Stylist’s Lucy Mangan explains the problem with constantly depicting violence against women.
It was the moment two female characters were brutalised within a few minutes of each other – one with a fatal beating by men who had abducted her, another by her rapist army superior – in a recent episode of BBC drama Collateral that did it for me.
I normally barely even notice when violence against women appears on my screen in the name of drama. If I did, I would hardly be able to watch telly again. It’s the backstory on everything from The Americans to Strike (a largely sensitive production that still displays plenty of dismembered female body parts and shows the eponymous detective bonding with his sidekick Robin over her past rape). It’s window-dressing in the likes of Game Of Thrones and Westworld. And that’s before we even mention procedural dramas, whose battered victims blur in my mind into generic shots of bloodied, unconscious or weeping women being thrown into the nearest gutter, onto floors or out of cars after the worst has happened so that the cops can demonstrate their intellect and compassion and we all get our 45-minute fix of purgative problem-solving.
Perhaps my reserves of tolerance were low because I’ve been reading so many crime novels recently. After you’ve gobbled up the top tier (psychologically acute, with brilliant characterisation, no trivialising of the subject, the victim or the suffering – Tana French, Erin Kelly, Susie Steiner, Elly Griffiths and more all provide this unfailingly), what proliferates thereafter is sexual abuse. I read – though didn’t finish – three books in a row that turned out to hinge on incest. Stalking, imprisonment, torture, beatings and the murder of women are, at best, simple plot points. At worst, they are merely ways to motivate, screw up or show how sensitive in response a male character can be.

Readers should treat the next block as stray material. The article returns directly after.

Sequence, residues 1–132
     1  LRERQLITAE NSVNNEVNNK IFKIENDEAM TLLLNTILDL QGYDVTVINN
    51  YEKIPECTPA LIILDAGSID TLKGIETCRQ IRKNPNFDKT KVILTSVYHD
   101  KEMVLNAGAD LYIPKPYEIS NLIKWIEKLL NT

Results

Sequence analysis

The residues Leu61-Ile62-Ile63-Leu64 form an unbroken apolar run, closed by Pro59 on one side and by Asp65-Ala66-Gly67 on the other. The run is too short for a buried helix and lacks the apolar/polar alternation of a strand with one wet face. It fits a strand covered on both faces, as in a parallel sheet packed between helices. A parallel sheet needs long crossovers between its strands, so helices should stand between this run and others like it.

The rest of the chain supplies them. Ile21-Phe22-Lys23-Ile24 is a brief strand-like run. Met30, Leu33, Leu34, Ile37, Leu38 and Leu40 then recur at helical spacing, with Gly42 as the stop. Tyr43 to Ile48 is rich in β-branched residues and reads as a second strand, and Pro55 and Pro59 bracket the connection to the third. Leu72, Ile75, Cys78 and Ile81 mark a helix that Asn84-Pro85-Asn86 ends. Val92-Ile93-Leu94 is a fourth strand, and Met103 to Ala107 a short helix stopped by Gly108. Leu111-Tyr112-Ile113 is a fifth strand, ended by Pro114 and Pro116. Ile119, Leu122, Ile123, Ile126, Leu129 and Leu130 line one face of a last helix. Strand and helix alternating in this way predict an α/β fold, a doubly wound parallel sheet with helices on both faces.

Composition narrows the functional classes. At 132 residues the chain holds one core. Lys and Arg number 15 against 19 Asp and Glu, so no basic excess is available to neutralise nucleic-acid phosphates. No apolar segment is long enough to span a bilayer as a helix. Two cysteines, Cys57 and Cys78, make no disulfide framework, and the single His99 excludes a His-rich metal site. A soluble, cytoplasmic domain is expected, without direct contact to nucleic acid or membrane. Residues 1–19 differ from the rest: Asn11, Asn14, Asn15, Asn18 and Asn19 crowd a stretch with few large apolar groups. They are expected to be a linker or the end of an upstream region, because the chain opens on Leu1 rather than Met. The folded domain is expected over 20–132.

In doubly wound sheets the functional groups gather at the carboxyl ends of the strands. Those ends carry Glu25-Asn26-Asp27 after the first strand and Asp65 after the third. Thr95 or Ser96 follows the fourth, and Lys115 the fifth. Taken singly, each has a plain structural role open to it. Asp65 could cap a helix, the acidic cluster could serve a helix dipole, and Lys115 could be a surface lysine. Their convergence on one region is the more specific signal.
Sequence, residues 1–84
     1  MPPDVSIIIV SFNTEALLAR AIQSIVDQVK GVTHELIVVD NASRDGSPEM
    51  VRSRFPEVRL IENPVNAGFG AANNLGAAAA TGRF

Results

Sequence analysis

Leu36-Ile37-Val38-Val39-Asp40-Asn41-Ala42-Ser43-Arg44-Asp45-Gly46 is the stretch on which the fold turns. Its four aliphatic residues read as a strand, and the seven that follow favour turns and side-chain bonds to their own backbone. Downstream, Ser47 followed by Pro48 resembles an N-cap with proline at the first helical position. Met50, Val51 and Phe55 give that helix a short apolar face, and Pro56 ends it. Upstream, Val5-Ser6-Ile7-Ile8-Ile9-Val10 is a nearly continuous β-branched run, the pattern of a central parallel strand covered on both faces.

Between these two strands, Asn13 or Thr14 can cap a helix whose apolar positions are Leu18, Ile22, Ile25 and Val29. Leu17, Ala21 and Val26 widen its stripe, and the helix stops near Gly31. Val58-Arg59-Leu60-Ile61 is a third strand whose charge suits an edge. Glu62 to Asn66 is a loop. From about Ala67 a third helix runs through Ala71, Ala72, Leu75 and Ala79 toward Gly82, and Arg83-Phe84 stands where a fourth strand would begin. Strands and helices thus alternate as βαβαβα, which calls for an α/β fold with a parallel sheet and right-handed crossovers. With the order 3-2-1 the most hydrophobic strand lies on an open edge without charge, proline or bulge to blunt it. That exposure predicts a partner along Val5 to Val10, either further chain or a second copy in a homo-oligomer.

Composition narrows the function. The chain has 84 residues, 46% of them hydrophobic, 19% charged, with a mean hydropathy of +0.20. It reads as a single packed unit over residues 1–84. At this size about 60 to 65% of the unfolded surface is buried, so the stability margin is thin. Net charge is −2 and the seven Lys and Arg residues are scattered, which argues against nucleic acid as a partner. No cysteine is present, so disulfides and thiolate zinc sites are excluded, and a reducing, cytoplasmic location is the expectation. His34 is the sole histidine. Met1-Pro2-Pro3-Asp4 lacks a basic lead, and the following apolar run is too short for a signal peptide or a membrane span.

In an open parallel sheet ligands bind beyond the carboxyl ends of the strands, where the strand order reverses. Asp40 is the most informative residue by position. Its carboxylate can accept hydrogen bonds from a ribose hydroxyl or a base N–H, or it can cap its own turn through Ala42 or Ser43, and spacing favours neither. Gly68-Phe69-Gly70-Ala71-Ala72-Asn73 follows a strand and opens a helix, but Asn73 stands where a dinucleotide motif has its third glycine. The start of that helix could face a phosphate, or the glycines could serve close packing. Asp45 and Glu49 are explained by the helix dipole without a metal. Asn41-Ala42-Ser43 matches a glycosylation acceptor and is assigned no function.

So pervasive has it become in all sorts of media that I have reached rape saturation point. I greeted the news that a new prize is being launched by author and screenwriter Bridget Lawless to reward writers who avoid using murder or other forms of violence against women as the basis for their stories with – if not delight, then at least relief.
It’s not, of course, that I think these things should never be the basis of books, TV drama, theatre or anything else – and I don’t think Lawless, who specifically noted this when she launched the £2,000 Staunch prize (which she is herself funding) does either. But I do think it’s valuable to have someone point out when a trope has become overused and its subject devalued.
Why? Because the depictions of women, the images and narratives used in our culture, affect us all. They send messages about our position within it. The current normalisation of graphic violence – and the readiness with which events that induce terrible and lifelong trauma are the go-to source for mass entertainment – tells us that women are not being taken seriously. It also tells us a lot about who still holds the keys to commissioning and who therefore still gets to frame the world from their point of view. Would we see quite so much female rape if it were women who greenlit more films and TV programmes?
I’m not advocating censorship. I’m advocating depicting violence against women as a central problem of our age. Not mere set-dressing or a useful prop for a hero. Because it’s our reality. Fiction needs to remember that.
Image: Richard Jaimes